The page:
Kin “[find] each other’s lives inscrutable” in this rich, sharp story about the way identity is formed.

Pub Date: June 2, 2020

ISBN: 978-0-525-53629-1

Page Count: 352

Publisher: Riverhead

Review Posted Online: March 15, 2020

Kirkus Reviews Issue: April 1, 2020

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A modern day fable, with modern implications in a deceiving simplicity, by the author of Dickens. Dali and Others (Reynal & Hitchcock, p. 138), whose critical brilliance is well adapted to this type of satire. This tells of the revolt on a farm, against humans, when the pigs take over the intellectual superiority, training the horses, cows, sheep, etc., into acknowledging their greatness. The first hints come with the reading out of a pig who instigated the building of a windmill, so that the electric power would be theirs, the idea taken over by Napoleon who becomes topman with no maybes about it. Napoleon trains the young puppies to be his guards, dickers with humans, gradually instigates a reign of terror, and breaks the final commandment against any animal walking on two legs. The old faithful followers find themselves no better off for food and work than they were when man ruled them, learn their final disgrace when they see Napoleon and Squealer carousing with their enemies... A basic statement of the evils of dictatorship in that it not only corrupts the leaders, but deadens the intelligence and awareness of those led so that tyranny is inevitable. Mr. Orwell's animals exist in their own right, with a narrative as individual as it is apt in political parody.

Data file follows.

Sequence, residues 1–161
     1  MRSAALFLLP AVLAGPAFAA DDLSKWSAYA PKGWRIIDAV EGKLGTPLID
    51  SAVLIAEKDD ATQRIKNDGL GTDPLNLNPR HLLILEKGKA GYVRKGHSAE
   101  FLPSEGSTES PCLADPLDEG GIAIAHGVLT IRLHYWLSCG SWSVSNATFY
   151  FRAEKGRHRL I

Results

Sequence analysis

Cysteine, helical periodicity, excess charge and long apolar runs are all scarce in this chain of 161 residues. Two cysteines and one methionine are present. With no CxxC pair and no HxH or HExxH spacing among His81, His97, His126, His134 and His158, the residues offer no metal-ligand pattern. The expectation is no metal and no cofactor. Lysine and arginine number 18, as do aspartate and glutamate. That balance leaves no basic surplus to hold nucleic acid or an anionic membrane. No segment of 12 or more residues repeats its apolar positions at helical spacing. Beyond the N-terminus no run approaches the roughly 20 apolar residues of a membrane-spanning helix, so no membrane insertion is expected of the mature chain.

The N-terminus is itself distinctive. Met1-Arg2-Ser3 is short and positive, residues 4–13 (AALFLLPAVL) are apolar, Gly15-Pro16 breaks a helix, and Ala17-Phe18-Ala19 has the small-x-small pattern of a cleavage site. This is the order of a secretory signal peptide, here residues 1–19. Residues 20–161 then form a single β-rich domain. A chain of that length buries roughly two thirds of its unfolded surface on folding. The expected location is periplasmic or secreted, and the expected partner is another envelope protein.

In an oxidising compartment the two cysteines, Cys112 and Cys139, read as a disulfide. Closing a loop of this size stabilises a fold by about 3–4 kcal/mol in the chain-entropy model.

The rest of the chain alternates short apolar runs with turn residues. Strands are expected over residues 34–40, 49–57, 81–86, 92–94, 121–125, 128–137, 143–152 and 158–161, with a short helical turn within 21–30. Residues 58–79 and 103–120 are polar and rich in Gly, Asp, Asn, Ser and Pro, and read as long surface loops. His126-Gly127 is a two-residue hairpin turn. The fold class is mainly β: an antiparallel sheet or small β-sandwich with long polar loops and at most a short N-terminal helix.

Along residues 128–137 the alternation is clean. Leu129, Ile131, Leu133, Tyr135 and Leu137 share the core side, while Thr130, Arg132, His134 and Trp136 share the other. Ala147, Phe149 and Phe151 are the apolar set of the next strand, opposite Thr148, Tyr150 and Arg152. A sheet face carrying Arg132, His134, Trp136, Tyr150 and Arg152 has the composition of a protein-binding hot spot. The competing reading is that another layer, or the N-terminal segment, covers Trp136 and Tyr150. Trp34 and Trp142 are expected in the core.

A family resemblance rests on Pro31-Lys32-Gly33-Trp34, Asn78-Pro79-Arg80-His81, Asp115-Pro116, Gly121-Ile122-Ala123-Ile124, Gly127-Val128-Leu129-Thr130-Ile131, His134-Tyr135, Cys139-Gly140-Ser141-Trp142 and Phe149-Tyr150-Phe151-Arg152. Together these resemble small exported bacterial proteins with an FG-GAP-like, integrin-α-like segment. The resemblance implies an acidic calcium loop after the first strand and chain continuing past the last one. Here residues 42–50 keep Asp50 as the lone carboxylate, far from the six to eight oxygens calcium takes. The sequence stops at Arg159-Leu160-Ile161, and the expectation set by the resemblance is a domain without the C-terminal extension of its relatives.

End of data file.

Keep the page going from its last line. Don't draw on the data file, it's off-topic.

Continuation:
Pub Date: Aug. 26, 1946

ISBN: 0452277507

Page Count: 114

Publisher: Harcourt, Brace

Review Posted Online: Nov. 2, 2011

Kirkus Reviews Issue: Aug. 1, 1946